The Vermont Homesteader

Local Food: Peanut Butter Style

A photo of Melissa Brooks SenesacI have fond memories of my childhood. It was a great time, I had the best parents ever (still do, in fact). I remember hanging out at home when I was really little eating a peanut butter and fluff sandwich with some chicken noodle soup while watching The Price is Right. Rubbing my little toes into the shag carpet (ok, not sure if it was really shag, but you know, it was that beautiful, shag-like, orange carpet) I’d munch away on some serious comfort food.

I don’t watch The Price is Right anymore; it just isn’t the same without Bob Barker (no offense Drew). But anytime I hear the theme music or any reference to it I have an instant craving for a PB & fluff sandwich with chicken noodle soup. To me, peanut butter is the key to some seriously hearty, easy meals and snacks: peanut butter and jelly sandwiches, peanut butter and honey on toast, peanut sauce and noodles, peanut butter cookies, buckeyes (peanut butter balls covered in chocolate), peanut butter on a spoon. Yum.

Peanut butter is right up there with eggs as being a super-food. Full of great stuff like protein, fiber, vitamin E, iron, calcium, and potassium (though not as great a source as bananas, still pretty darned good), it’s my favorite thing to bring on a day hike or bike ride up here in the mountains of Northern Vermont.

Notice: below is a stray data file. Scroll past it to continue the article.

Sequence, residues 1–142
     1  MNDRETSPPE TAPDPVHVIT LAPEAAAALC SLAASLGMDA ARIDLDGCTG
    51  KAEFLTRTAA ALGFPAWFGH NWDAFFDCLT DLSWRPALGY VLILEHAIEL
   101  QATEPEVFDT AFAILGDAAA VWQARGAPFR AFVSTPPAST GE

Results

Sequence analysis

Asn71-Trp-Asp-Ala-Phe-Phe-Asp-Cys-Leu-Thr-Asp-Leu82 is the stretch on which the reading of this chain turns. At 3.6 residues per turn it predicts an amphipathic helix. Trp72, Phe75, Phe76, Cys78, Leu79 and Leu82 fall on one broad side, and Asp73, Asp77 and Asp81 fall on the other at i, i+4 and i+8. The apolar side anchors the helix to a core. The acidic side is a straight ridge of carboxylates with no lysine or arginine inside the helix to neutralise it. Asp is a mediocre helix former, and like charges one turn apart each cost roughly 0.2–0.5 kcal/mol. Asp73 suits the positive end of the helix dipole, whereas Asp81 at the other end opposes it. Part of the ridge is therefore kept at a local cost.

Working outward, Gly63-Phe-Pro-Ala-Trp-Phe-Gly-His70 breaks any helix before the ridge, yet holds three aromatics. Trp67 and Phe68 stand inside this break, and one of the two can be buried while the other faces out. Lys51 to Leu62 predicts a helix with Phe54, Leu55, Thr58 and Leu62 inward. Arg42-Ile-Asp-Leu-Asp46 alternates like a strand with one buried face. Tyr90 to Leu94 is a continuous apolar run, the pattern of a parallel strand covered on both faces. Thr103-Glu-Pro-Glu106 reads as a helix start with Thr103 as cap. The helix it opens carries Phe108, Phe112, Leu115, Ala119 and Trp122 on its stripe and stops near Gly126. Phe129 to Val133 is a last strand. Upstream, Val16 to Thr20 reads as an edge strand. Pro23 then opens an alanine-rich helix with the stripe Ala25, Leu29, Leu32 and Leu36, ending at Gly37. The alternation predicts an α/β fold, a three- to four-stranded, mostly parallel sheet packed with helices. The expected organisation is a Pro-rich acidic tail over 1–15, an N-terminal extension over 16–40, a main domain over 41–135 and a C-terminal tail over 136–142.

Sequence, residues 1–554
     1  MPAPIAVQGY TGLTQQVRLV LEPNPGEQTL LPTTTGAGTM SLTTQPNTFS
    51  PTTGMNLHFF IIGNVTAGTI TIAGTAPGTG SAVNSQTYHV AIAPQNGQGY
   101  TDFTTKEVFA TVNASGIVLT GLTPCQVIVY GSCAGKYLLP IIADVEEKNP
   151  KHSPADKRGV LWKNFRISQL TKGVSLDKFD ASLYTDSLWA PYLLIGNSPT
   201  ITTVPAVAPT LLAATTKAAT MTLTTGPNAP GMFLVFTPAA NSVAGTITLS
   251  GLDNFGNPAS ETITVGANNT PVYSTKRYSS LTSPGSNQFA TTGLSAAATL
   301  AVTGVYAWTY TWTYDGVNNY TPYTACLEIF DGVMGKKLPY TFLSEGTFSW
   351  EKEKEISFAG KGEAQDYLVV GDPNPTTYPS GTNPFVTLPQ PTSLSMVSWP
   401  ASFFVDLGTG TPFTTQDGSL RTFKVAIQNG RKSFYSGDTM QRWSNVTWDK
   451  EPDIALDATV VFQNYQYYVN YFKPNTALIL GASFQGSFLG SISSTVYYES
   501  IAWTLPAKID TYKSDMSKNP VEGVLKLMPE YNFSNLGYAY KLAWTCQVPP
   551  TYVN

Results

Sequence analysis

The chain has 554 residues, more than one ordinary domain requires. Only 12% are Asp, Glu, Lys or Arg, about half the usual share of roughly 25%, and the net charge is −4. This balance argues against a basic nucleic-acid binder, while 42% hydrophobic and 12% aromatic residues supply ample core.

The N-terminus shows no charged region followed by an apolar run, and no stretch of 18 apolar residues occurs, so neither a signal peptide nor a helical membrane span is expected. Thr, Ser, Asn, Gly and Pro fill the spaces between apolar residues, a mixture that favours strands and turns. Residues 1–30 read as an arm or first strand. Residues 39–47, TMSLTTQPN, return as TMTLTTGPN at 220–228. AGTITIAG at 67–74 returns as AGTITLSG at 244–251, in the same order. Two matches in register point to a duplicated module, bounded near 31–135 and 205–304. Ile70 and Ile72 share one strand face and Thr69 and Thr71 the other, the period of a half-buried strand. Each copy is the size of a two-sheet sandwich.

If you buy what I call “traditional” peanut butter, you could be outweighing these healthy aspects with negative things like additional trans-fatty acids and carcinogenic mold. So, buy all-natural, organic peanut butter. Trust me, you won’t be disappointed.

I have to say that I am one lucky gal that we’ve got a local company that makes up their very own peanut butter (as well as almond butter). The Vermont Peanut Butter Company is situated right in the heart of Stowe, Vermont. You can get everything from plain creamy or chunky peanut butter to my favorite: Champlain Cherry, which is a combination almond butter with chocolate and dried cherries mixed in. Just thinking about it makes me drool all over my keyboard. The Vermont Peanut Butter Company very well could be the biggest Vermont thing to hit the globe since Ben and Jerry’s ice cream.

Although, currently, they’re not nearly as large-scale as B & J’s, that is one of the things that is most important. The Vermont Peanut Butter Company isn’t owned by any big corporations (like Ben and Jerry’s Unilever), run from a distance by people in business suits in a highrise. (Don’t get me wrong, I LOVE Ben and Jerry’s Ice Cream who, I hear, is going fully Fair Trade!) It is owned and operated by a handful of local folks (one of which happens to be a very dear friend of mine) who you could easily happen upon during an outing here in the Green Mountains.

Now, you can’t find their peanut butter just anywhere. No, they don’t supply the big chain stores like Price Chopper and Hannafords (trust me, I’ve looked), but you can get your very own jar of delicious goodness (or Karma, or Harvest) shipped straight to your house. “How?” might you ask. Well, my dear friends, they’ve got a nice little website where you can check out their story and maybe pick up a jar or two of anything that strikes your fancy. I’ll make a suggestion: get at least two jars. Kyle and I went through a jar of Champlain Cherry in a week.